Screenshot Portraying The Battle of Umberkhind: Source-inmarathi.com
“The conventional army loses if it does not win. The guerrilla wins if he does not lose”.
-Henry A. Kissinger
An outstanding example of the successful use of guerilla warfare, many years before this art of war was made famous by the likes of Che Guevara and the tactics of the Viet Cong in the Vietnam War, was the use of this technique by the Maratha King Chhatrapati Shivaji, in the Battle of Umberkhind.
Umberkhind is a ghat or a mountain pass on the Sahyadri Mountain Range above the present-day industrial city of Khopoli, on the banks of the Patalganga River in Raigad District of Maharashtra, India.
A Panoramic View of Umberkhind and the ‘Dukes Nose’ Feature on the Right: Source- indiahikes.com
Mohammed Adil Shah, the seventh ruler of Bijapur, regularly assisted the Mughals with their campaigns and also signed a peace treaty with the latter in 1636, during the reign of Shah Jahan. However, Mohammad Adil Shah’s reign witnessed the revolt of the Maratha General Shahaji Bhosale and subsequently the rise of his son, Chhatrapati Shivaji to eminence, who founded an independent Maratha Kingdom, carved out of the Bijapur Sultanate. Mohammed Adil Shah failed to check this rise of the Marathas. Aurangzeb knew that he could not ignore Chhatrapati Shivaji Maharaj’s valour and rising power any longer and decided that it was imperative to quell the Marathas at the earliest. After Aurangzeb’s accession to the Mughal throne in 1659, he sent Shahista Khan as viceroy to the Deccan with a large Mughal Army to enforce this treaty. Shahista Khan was accompanied by the Uzbek Kartalab Khan, his right-hand man, whom Aurangzeb had specifically sent to defeat Shivaji. As was expected, Shivaji’s writ ran large in this territory, where the Maratha Warrior now enjoyed a formidable reputation after he famously killed Afzal Khan (a General of Mohammed Adil Shah who had tried to turn the Mavale’ Chieftains of the Pune region against Shivaji) with steel claws in 1659. 1660 saw the Marathas under attack by the Abyssinian Salabat Khan at the head of a Bijapuri column, who besieged the fortresses of Panhala, where Shivaji was located, and Pavandurg, in the South, while Shahista Khan, who had arrived in Aurangabad in January 1660, lost no time in advancing and establishing the Mughal presence in the area of Pune, which was Shivaji’s heartland. Shahista Khan’s advance to Pune was interdicted repeatedly by the Maratha light cavalry, but he defeated them decisively at Purandar, 50 Km Southeast of Pune on 09 May 1660. The Mughals, however, could not sustain themselves in the arid terrain around Pune. Shahista Khan captured the Chakan Fort by June 1660, after a 54-day siege and decided to withdraw to this location, which was closer to Ahmednagar. In 1661, Shahista Khan sent Kartalab Khan to capture the forts of Kalyan, Bhiwandi, Panvel, Chul and Nagothane in present-day Maharashtra and in the North of Konkan, which he did so after some heavy fighting.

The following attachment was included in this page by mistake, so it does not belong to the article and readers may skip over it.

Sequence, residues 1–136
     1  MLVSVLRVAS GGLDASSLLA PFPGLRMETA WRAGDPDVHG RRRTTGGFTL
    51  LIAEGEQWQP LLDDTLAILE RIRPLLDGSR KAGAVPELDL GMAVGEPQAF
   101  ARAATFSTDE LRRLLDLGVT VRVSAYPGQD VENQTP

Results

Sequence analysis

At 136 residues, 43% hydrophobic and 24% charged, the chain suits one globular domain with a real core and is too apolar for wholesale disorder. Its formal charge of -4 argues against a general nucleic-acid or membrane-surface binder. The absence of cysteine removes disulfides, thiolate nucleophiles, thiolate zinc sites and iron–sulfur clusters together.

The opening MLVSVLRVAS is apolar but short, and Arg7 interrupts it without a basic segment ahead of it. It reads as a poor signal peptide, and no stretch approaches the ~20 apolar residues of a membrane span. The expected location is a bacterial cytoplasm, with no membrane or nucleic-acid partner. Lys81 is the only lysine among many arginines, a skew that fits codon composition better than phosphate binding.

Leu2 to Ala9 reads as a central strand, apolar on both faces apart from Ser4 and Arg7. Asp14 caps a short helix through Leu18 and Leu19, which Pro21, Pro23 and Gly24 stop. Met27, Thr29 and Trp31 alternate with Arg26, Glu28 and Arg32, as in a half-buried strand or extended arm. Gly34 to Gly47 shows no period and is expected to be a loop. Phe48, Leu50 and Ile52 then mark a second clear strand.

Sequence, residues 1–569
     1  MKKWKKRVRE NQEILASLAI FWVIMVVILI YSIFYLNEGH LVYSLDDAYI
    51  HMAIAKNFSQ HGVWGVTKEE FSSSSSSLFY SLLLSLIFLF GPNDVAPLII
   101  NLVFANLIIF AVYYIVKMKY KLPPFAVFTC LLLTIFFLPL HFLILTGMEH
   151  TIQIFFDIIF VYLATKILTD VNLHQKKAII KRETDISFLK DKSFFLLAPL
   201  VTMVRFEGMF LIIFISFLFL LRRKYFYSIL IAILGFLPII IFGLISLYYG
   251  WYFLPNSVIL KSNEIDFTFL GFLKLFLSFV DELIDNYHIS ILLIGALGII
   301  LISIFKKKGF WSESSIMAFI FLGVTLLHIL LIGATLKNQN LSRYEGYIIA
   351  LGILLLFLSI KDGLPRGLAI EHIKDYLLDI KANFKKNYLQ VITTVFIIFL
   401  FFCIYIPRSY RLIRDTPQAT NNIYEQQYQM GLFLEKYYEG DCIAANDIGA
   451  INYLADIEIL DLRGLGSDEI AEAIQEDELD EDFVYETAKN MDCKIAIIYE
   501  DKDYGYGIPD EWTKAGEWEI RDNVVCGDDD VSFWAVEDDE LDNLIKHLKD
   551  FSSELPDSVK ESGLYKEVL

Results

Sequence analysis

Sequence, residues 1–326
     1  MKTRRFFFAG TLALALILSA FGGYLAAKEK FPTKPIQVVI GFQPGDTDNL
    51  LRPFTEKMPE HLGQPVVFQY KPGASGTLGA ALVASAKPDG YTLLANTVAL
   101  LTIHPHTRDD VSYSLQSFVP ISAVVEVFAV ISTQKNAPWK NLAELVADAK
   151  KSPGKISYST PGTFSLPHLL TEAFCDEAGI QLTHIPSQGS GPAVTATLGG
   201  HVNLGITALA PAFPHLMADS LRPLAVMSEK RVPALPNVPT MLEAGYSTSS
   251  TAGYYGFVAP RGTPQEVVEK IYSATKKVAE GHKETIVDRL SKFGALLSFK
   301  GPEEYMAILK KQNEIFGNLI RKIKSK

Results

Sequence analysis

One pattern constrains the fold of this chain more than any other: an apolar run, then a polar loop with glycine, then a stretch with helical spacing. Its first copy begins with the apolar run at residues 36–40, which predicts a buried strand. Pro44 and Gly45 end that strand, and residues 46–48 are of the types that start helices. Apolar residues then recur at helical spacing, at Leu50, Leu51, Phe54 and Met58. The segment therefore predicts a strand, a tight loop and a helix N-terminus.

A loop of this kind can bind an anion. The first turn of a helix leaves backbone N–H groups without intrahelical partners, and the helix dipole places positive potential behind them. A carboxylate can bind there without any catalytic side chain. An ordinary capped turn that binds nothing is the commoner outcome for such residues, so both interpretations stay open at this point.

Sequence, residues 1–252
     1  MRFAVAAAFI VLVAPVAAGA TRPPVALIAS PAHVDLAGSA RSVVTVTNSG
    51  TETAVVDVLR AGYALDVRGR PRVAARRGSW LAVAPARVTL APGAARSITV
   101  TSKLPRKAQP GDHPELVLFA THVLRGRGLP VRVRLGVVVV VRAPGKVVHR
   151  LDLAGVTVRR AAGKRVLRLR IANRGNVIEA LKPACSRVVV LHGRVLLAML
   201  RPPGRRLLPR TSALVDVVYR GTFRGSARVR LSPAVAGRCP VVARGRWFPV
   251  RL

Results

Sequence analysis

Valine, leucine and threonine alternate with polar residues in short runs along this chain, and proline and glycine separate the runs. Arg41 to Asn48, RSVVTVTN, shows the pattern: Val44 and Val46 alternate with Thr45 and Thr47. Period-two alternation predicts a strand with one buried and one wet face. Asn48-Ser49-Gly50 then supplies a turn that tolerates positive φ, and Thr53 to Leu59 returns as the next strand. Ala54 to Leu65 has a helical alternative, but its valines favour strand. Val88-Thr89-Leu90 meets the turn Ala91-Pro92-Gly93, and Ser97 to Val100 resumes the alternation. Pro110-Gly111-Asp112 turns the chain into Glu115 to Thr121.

In his attempt to rout Shivaji from the Konkan Region, Shahista Khan despatched Kartalab Khan and Rai Bagan ([alias Savitribai Deshmukh]- a female Mughal general and widow of the Mughal Sardar Raje Udaram Deshmukh of Mahur Jagir in the Deccan) in early 1661 along with a sizable force.